More Takata Airbag Recalls

Earlier this month, troubled airbag manufacturer Takata agreed to replace another 10 million airbag units the company provided to a wide variety of car makers. Takata has been under pressure since at least 2015 to recall defective airbag inflators that can, under some conditions, explode too forcefully and send metal pieces that make up the airbag's inner workings flying towards a driver or passenger.  More than two dozen deaths and hundreds of injuries have been linked to the exploding airbags.

Drivers should be on the lookout for official notices from their car maker indicating that they need to take their car in for free airbag replacement service. Even vehicles that have had an airbag replaced before might need a second replacement since Takata has expanded the list of airbags multiple times over the last five years. Most affected car companies have easy ways to look up affected vehicles on their websites in case you missed their recall mailings. You normally just need to provide basic information and your car's Vehicle Identification Number.

Unfortunately, it seems that Takata still has more recalls ahead of it which means car owners need to remain vigilant in case their car is recalled, or recalled again, in the future.


Do Ignition Interlocks Have A Blind Spot?

An ignition interlock is a device that can be wired into a vehicle's electrical system in order to make sure it cannot be started until the driver provides a breath sample to be checked for signs of alcohol. There are now some 300,000 ignition interlocks in active use in the U.S. and that number is growing rapidly. It seems pretty self explanatory that these devices can save live. They prevent drivers from starting their vehicles while intoxicated. That has to be a win for vehicle safety, right? Well, not always.

A recent article in the New York Times highlights a potential fatal flaw in these ignition interlocks: Almost all of them make drivers perform checks at random times while the vehicle is moving. This feature is meant to stop someone from beginning a drive sober but having drinks along the way, but as shown in the Times' article, randomly asking a driver to do any task beyond driving can be extremely hazardous.

The National Highway Traffic Safety Administration looked like it was going to outlaw rolling retests, but it dropped a mandate that drivers pull over to retest after receiving intense industry pushback. How a driver would even pull over while in fast moving traffic is a question that no one from the government or ignition interlock industry really wanted to answer.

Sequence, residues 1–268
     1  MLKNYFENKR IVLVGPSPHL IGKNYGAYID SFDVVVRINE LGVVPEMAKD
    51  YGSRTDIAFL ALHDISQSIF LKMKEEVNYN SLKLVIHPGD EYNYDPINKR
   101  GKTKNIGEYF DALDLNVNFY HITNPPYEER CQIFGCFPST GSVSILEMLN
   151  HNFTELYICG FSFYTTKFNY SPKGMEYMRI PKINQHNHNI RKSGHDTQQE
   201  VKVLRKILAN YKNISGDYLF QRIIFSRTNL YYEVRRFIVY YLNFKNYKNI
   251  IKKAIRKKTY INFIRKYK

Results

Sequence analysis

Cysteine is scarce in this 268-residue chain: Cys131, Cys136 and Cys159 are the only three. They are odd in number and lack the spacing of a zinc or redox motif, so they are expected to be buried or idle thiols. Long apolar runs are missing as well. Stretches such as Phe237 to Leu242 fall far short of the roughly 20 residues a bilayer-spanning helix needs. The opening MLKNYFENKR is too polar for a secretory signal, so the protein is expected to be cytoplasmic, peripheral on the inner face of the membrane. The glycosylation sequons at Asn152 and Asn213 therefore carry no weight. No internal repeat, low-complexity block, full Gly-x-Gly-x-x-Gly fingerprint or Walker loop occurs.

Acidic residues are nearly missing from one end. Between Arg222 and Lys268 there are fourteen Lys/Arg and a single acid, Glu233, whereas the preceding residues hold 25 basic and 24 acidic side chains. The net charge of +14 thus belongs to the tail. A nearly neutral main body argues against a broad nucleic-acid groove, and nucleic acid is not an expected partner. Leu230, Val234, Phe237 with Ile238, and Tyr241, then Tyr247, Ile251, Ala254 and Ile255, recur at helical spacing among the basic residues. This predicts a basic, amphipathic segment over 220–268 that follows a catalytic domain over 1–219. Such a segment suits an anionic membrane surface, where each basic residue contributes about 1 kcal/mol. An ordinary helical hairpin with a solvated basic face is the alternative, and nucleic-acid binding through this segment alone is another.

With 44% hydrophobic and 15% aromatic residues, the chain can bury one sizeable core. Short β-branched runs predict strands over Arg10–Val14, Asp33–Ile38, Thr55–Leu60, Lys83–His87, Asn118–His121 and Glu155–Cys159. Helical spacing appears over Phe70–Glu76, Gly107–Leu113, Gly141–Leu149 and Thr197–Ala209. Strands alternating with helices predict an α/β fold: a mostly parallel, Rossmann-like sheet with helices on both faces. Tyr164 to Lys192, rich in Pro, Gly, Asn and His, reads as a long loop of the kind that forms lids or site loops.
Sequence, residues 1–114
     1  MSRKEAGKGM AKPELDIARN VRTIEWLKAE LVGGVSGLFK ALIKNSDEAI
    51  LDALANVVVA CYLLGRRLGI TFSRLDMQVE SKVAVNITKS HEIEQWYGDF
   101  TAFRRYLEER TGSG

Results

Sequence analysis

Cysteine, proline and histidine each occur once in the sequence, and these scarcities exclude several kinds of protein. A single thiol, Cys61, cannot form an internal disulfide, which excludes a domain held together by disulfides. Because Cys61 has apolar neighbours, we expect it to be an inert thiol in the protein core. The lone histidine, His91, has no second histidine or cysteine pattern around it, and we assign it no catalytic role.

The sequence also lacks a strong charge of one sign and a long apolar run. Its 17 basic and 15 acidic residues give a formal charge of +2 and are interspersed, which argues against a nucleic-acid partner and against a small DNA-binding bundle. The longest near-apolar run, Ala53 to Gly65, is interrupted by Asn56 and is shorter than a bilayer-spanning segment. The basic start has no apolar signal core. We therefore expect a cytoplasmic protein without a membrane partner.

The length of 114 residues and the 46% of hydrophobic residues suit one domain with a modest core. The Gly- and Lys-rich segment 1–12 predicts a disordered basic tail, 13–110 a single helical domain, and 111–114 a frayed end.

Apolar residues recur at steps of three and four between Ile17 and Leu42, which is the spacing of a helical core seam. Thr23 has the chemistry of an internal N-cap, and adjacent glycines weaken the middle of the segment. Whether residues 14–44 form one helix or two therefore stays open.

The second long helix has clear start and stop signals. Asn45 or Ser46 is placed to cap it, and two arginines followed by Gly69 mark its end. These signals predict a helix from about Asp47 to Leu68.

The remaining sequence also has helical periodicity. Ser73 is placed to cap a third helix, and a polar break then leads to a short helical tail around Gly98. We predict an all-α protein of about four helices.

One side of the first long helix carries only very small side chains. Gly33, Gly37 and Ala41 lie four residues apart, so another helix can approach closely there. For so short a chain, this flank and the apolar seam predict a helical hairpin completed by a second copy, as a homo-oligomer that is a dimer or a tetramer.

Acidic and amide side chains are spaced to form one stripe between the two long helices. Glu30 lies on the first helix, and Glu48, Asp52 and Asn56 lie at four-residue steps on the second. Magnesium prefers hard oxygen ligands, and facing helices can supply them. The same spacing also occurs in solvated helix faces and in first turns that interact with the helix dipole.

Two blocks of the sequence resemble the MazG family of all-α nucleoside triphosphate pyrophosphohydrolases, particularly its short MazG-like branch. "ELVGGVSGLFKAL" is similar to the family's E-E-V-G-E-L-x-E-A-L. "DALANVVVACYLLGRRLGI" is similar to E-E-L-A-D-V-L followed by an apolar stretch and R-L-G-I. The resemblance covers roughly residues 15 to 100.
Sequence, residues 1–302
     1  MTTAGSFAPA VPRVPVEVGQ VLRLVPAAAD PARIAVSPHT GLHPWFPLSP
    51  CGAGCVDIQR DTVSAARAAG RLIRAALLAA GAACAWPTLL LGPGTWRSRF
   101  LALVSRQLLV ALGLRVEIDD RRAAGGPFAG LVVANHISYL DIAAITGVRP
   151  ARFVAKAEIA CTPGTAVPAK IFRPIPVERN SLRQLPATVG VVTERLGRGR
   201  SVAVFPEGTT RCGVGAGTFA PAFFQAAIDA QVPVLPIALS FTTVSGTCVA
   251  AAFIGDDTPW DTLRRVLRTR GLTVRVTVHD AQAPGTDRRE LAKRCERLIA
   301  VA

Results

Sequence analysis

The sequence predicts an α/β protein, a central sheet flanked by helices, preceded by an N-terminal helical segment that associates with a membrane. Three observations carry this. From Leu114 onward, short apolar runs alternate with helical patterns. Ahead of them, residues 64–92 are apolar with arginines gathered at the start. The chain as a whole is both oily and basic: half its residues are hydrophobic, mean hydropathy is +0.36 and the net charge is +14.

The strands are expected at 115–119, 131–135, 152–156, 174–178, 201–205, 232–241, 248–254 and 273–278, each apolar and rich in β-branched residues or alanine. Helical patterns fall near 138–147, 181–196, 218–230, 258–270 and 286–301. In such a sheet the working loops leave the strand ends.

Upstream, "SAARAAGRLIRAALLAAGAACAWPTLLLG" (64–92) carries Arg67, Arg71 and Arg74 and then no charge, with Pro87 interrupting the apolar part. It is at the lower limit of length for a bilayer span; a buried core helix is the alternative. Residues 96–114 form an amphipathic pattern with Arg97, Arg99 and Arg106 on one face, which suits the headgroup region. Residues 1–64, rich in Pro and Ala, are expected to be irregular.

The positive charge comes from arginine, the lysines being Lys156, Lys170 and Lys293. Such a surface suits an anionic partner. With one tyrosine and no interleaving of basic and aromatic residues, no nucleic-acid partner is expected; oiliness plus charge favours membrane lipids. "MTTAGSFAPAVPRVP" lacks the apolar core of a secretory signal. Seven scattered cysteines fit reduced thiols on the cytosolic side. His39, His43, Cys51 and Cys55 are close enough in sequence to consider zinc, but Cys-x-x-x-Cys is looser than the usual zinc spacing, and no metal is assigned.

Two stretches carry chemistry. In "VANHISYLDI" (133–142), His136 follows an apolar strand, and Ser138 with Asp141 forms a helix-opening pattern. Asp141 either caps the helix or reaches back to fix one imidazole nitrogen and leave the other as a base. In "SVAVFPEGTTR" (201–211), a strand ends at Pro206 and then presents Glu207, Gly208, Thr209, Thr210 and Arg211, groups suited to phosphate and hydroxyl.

The Times did some investigation work and found over fifty incidents that ignition interlocks were cited as a reason for an accident or crash in Virginia alone. But, the Times notes, this number is almost certainly heavily under reported. And the data comes from just one state. The fact that most of the reported accidents came back when there were far fewer ignition interlocks on the road is also a bit worrisome.

In addition to ignition interlocks potentially being more distracting than cell phones, there is also the issue of false positives, the Times says. Ignition interlocks use the same alcohol sensing equipment that portable police breathalyzer units use, but those units are known to be imprecise, especially when not properly maintained, and sometimes tests conducted with them are not allowed as evidence in court.

Again, it seems like common sense that these ignition interlocks can save lives by preventing intoxicated drivers from starting their cars in the first place, but it does seem more questionable that drivers are asked to perform rolling retests while driving when study after study shows that even minor distractions while driving can lead to a collision.

The full article over at the New York Times provides more examples of how these ignition interlocks seem to have some blind spots. You can give it a read by clicking here.